Sacking of UK Drug Chief Sparks Major Controversy
CANNABIS CULTURE - The fallout continues after the UK's top drug adviser, David Nutt, was fired for claiming cannabis and ecstasy are safer than alcohol and tobacco, with several resignations, increasing criticism of the government, and the possible collapse of the country's advisory council on drugs.
Nutt was fired after making comments and releasing a paper called "Estimating drug harms: a risky business?" which suggested the UK adopt the following drug harm index list of the 20 most dangerous drugs (rated from most-to-least harmful),
In brackets is the classification given under the Misuse of Drugs Act [current law in the UK], with Class A attracting the most serious penalties.
1. Heroin (Class A)
2. Cocaine (Class A)
3. Barbiturates (Class B)
4. Street methadone (Class A)
5. Alcohol (Not controlled)
6. Ketamine (Class C)
7. Benzodiazepine (Class B)
8. Amphetamine (Class B)
9. Tobacco (No class)
10. Bupranorphine (Class C)
11. Cannabis (Class B)
12. Solvents (Not controlled)
13. 4-MTA (Class A)
14. LSD (Class A)
15. Methylphenidate (Class B)
16. Anabolic steroids (Class C)
17. GHB (Class C)
18. Ecstasy (Class A)
19. Alkylnitrates (Not controlled)
20. Khat (Not controlled)
Nutt has made truthful/controversial statements in the past, including pointing out in February that taking ecstasy is no more dangerous than riding a horse, and criticized the government for raising cannabis' classification from "C" to "B".
Though Nutt's lecture and materials conformed to the Government's own code of practice for scientific advisers, he was sacked by Home Secretary Alan Johnson, who appeared on SKY News and said Nutt was "campaigning against political decisions."
Two other members of the Advisory Council on the Misuse of Drugs (ACMD) quit in protest - Dr. Les King and Marion Walker of the Royal Pharmaceutical Society - prompting rumors of a mass walkout of the 31-strong committee. According to BBC News, without a pharmacist on it's board, "the ACMD is contravening its statutory requirements" - and remaining members are expected to meet Alan Johnson on November 10 to discuss the council's future.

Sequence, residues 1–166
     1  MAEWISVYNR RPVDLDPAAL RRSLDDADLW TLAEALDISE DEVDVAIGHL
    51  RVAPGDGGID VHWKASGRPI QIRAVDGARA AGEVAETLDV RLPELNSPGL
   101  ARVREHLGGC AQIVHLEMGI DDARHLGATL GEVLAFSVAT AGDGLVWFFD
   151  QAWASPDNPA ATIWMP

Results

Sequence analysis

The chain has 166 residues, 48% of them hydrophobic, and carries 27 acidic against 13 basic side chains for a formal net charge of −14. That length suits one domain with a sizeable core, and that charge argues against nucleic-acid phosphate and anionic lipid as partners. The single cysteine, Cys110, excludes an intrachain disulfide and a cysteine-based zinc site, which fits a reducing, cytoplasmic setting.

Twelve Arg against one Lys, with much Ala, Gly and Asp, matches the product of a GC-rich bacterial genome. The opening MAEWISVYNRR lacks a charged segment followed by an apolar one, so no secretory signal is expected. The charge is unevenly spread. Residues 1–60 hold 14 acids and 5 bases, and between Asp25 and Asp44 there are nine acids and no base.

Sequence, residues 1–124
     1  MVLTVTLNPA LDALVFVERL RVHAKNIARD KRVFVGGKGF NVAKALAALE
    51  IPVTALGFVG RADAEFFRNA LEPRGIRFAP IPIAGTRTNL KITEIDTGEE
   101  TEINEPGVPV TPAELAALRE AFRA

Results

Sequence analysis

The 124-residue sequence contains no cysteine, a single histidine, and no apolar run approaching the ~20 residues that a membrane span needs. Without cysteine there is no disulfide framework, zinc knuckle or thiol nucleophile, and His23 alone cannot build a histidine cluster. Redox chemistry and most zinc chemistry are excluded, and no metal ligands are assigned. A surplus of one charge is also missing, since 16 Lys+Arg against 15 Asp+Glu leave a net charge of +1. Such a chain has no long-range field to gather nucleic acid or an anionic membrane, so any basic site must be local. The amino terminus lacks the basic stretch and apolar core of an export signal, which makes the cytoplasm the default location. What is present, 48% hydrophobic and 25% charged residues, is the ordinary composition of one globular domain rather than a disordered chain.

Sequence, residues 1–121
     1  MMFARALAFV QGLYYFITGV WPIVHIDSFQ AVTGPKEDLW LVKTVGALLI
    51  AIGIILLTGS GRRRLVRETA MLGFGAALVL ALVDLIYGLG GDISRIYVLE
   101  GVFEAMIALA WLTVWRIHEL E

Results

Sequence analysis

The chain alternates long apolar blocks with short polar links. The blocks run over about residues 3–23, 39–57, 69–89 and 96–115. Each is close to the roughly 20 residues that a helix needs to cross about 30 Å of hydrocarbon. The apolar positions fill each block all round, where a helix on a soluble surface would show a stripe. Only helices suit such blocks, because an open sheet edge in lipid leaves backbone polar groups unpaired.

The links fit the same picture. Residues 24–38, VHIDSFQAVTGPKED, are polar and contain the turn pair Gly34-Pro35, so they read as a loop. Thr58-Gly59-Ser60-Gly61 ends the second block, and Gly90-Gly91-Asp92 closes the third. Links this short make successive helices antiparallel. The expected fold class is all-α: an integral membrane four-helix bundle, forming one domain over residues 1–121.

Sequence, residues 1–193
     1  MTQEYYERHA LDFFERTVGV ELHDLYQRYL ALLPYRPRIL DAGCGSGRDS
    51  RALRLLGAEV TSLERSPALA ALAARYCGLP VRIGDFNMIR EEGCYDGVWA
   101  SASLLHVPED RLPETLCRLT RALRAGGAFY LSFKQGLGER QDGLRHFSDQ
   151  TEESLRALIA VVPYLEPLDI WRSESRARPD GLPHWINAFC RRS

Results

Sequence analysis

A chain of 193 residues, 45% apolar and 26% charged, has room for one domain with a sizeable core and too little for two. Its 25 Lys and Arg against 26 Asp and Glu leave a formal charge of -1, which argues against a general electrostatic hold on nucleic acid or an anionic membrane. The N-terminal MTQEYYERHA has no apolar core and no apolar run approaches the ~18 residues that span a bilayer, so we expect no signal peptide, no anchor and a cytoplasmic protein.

Nutt also appeared on SKY News to defending his position, saying "We did the most detailed analysis of ecstasy, the most detailed analysis of cannabis ever done - we know what the harms are."
Speaking directly to a critical news reporter he said, "You're not a scientist. We've done the analysis. If you don't like what we say about the science, then say 'ok, we'll take a moral position', but don't try to tell me that the science we've done is wrong."
More fuel was added to the fire when the UK Science and Innovation Minister Lord Drayson "said he was pretty appalled" by the Home Secretary's actions, and John Beddington, the governments Chief Scientific Adviser, said research showing cannabis to be less harmful than alcohol and tobacco was "absolutely clear cut".
Nutt, who says he wants to establish a new scientific committee if the current advisory body disbands, penned a piece for the New Scientist called "Governments should get real on drugs", where he criticized UK authorities for ignoring evidence and pandering to public prejudice.
I can trace the beginning of the end of my role as chairman of the UK's official advisory body on drugs to the moment I quoted a New Scientist editorial (14 February, p 5). Entitled, fittingly enough, "Drugs drive politicians out of their minds", the editorial asked the reader to imagine being seated at a table with two bowls, one containing peanuts, the other the illegal drug MDMA (ecstasy). Which is safer to give to a stranger? Why, the ecstasy of course.
I quoted these words in the Eve Saville lecture at King's College London in July. This example plus other comments I have made – such as horse riding is more harmful than ecstasy – prompted Alan Johnson, the home secretary, to say that I had crossed the line from science to policy. This, he said, is why I had to go.
But simple, accurate and understandable statements of scientific fact are precisely what the advisory council is supposed to provide. Why would any scientist take up some future offer of a government advisory post when their advice can be treated with such disdain?[...]
The current British government has said repeatedly that it wants its policies to be evidence-based, but actions speak louder than words. On ecstasy, for example, it made policy first, sought advice second – and cynically rejected the advice it was given. The result is shambolic policy-making which gives great cause for concern if that is how governments operate more generally.
UK Prime Minister Gordon Brown told the London Evening Standard he supported the move by Johnson, saying "We'll get tougher on drugs. A tough policy on drugs is essential and it is what the public want".
"On climate change, or health, for example," he said, "we take the best scientific advise possible. But in an area like drugs we have to look at it in the round."